Harvard Women Don’t Like Stripper Poles

And other dating advice from The Millionaire Matchmaker, Matched in Manhattan, and Jane Austen.

Olivia Williams as Jane Austen

Though Patty Stanger, now known to Bravo viewers as The Millionaire Matchmaker (Tuesdays at 10 p.m. ET), never quite manages an actual aphorism, she’s nonetheless highly quotable. Her craft—shaping poorly socialized dudes in possession of good fortunes into reasonable facsimiles of gentlemen and connecting them with marriageable women—requires the skills of a social scientist, a moral philosopher, a casting agent, a forensic detective, a cognitive-behavioral therapist, and a den mother. Her chatter reflects a very particular mindset that makes this ice-cream tub of a TV show more nutritious than you might suspect. Listen to her scheming to teach a lesson to one client, 46-year-old Harold, who was eager to bag a chick half his age: “I’ll give him a young hottie that’ll flake on him, and then he’ll start to re-evaluate his immortality.”

Patty’s L.A.-based Millionaire’s Club does not traffic in the sort of women once called floozies and now regarded as normal girls. She strongly discourages sex outside of monogamous relationships and decries the hookup culture for turning men into “passive-aggressive Peter Pan idiots.” She rejects the notion of procuring only the sveltest lasses for her guys: “I will take a plus-size girl with a beautiful face and pray that one of those chubby chasers comes into my club asking me for that girl.” Patty does tend to speak in italics, particularly when pronouncing the names of Ivy League colleges and when exhorting her underlings to quit slacking: “Be a yenta!”

In the first episode, Patty took on the cases of Dave (who made a mint selling marital aids on the Internet) and Harold (“He went to Yale“). Seeking to set the boys up with fertile honeys, she relied on the skills of her staff members—”a director of sales and marketing” and a “VP of matching,” each of whom has the vague air and glossed lips of a middling PR girl—and of a retinue including dating coaches, relationship experts, psychologists, image consultants, and interior decorators. The decorator was unable to convince Dave to dismantle the stripper pole installed in his living room. Patty threw a cocktail party to introduce the guys to a diverse group of women: “We’ve got two girls that went to Harvard and two girls that do strip aerobics.”

Nothing panned out. Harold took a shine to one Sarah, but the generation gap between them could not have been crossed with the Mackinaw Bridge. Dave had hoped to earn the affections of Brooke, one of the Harvard girls, but he proved insufficiently sophisticated to satisfy her needs. At the end of the episode, the text on the screen—”Dave is still looking for ‘the one’…”—was matched with a slow-motion image of the man spinning around his pole while Brooke gazed on with polite tolerance from a safe distance.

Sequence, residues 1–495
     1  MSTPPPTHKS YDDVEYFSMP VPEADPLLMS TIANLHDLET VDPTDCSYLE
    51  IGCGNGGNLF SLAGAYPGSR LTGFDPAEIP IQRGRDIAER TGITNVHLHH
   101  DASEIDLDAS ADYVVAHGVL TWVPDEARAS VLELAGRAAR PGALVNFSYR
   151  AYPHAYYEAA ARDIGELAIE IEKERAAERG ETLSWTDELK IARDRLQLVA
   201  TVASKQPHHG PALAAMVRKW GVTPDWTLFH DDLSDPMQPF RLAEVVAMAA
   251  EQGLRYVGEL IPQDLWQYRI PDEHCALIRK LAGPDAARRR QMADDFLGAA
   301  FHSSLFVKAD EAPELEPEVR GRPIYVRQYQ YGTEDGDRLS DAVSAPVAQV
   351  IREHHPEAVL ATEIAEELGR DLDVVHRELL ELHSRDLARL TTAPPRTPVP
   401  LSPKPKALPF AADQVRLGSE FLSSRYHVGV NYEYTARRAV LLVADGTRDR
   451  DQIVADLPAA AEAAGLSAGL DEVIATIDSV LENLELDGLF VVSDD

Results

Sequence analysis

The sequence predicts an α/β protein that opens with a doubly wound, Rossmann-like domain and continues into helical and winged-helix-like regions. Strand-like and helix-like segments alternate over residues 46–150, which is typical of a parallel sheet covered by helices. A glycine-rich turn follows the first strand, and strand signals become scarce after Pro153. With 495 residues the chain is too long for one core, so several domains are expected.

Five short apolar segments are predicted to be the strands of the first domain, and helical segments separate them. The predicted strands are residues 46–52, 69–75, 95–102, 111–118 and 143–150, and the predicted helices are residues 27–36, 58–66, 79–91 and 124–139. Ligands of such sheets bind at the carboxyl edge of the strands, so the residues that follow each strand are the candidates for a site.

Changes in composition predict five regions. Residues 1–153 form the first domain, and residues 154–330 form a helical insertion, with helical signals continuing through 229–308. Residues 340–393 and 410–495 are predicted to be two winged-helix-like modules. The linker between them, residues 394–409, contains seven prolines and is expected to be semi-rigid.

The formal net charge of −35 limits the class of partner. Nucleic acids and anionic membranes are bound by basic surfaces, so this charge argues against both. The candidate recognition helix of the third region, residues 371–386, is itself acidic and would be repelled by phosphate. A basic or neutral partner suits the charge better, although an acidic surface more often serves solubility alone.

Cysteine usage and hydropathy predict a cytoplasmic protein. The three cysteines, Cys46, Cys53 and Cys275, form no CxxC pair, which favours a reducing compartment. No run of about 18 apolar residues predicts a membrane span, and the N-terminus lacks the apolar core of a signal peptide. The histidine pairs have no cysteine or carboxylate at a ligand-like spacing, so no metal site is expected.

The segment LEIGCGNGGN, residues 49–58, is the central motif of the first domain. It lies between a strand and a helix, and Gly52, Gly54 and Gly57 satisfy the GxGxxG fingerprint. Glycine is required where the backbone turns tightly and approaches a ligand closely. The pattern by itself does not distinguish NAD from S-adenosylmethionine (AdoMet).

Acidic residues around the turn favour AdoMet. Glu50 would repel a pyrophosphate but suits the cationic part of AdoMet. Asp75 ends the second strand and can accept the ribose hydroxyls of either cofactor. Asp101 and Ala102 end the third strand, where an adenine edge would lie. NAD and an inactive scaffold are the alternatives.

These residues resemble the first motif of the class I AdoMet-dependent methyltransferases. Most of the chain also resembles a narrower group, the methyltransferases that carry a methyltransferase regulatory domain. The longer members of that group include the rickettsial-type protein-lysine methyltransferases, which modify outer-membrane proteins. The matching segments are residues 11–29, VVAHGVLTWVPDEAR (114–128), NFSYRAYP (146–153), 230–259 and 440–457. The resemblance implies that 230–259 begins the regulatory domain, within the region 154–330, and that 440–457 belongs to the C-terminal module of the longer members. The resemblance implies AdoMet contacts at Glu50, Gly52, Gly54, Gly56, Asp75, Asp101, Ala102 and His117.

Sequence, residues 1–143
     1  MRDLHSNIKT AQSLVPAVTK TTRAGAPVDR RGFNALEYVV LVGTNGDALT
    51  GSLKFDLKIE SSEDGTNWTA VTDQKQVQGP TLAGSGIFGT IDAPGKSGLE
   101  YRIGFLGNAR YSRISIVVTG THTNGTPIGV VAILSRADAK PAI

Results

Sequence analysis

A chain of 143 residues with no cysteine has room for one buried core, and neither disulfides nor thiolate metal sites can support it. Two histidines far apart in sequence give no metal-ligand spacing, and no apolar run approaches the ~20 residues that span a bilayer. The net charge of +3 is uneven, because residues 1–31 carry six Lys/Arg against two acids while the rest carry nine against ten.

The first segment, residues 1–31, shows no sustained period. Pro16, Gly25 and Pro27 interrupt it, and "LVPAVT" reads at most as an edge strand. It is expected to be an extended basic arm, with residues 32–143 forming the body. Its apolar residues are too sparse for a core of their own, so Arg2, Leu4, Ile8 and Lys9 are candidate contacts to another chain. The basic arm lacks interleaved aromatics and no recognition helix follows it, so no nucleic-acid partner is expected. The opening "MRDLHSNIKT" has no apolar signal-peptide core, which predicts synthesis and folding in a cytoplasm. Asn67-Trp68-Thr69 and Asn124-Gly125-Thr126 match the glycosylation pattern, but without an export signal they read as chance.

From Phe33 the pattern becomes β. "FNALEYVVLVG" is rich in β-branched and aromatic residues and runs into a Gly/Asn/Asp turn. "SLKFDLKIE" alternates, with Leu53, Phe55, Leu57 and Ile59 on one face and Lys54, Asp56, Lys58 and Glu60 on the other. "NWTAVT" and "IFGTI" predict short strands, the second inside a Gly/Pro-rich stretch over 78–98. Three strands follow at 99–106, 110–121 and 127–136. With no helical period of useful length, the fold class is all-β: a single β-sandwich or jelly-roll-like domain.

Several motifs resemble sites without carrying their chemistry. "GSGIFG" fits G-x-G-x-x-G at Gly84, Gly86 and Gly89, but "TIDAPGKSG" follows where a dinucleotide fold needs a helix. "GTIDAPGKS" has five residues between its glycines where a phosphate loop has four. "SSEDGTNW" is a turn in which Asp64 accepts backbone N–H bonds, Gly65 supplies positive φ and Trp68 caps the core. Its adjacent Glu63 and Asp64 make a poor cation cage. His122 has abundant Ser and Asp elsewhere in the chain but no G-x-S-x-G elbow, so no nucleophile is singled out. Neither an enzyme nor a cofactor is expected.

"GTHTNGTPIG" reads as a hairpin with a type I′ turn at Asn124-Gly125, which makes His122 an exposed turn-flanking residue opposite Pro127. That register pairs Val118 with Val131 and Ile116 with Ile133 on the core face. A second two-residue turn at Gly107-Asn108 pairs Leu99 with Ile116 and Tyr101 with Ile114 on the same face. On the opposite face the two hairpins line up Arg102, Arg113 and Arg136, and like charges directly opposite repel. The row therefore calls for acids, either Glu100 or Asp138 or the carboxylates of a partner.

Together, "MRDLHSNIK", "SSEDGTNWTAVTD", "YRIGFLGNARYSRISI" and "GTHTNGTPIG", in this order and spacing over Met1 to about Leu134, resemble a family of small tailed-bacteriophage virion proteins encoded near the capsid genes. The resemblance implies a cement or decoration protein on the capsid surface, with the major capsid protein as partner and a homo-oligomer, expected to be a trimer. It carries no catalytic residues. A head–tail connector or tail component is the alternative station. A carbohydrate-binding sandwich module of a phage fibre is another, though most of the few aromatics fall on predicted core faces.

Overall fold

A defeat for the Millionaire Matchmaker? Resoundingly, but maybe Harold and Dave were one baby step closer to going to the chapel. That’s the way these things go. Just ask Matt Titus, the star of Lifetime’s Matched in Manhattan, a not-that-grating combo of how-to program and Cinderella sketch. Where Patty dedicates herself to domesticating the nouveau riche, Matt seems to specialize in female arrivistes who, to borrow from F. Scott Fitzgerald, have not yet arrived. He aims to effect a “matt-o-morphosis,” for instance, instructing one Selene—an adorable thing newly in town from Tennessee—to corral the Hello Kitty collectibles running riot in her bedroom. This is unimpeachable advice. As such, it stands in stark contrast to his counsel that Selene should go cruising for guys at Wall Street coffee carts, which can’t possibly lead anywhere other than to a string of daytime encounters with married men and an addiction to bear claws.

After two episodes aired at the beginning of January, Matched in Manhattan vanished from the schedule. In the comments section of the show’s Web site, viewers who say good riddance (“matt should hide himself in a hole”) joust with those who, valuing its dating tips, miss it already (“I had never realized I talk so much about my cat when I’ve run out of other things to say LOL!”). Further, Matt has logged on to promise that Lifetime will relaunch the show with a Valentine’s Day marathon, and Selene has praised him for the bits of helpful advice that were left on the cutting room floor ("There’s no reason for me to look for a guy in Chelsea”).

Meanwhile, over on the Web site of Masterpiece—which has dropped its Theatre—PBS is publicizing its “Complete Jane Austen” lineup with a Men of Austen page where fans can glance at the “online dating profiles” of 16 characters in cravats and vote in response to the question, “Which of these suitors is a suitable mate?” The current leader is Fitzwilliam Darcy (“Income: 10,000 pounds/year,” “Turn-ons: Fine eyes, good manners), and one should think that George Knightley (“My job: Gentleman farmer, magistrate”) would be hard-pressed to overtake him.

That online poll cuts to the heart of the “Complete Jane Austen”series, which includes versions of all six novels and also a sodden biopic, Miss Austen Regrets, airing this Sunday night. (It happens that TCM is airing director Ang Lee’s Sense and Sensibility opposite the Super Bowl as well, and the coincidence inspires the notion that Austen adaptations and professional football are precise cultural antonyms.) As usual, Masterpiece serves up high-toned pap featuring very nice costumes. No petticoat can conceal its frivolousness. This is matrimonial entertainment not too far distant from Millionaire Matchmaker and Matched in Manhattan, though with less cleavage and more circle dancing, with less sense and more sensibility.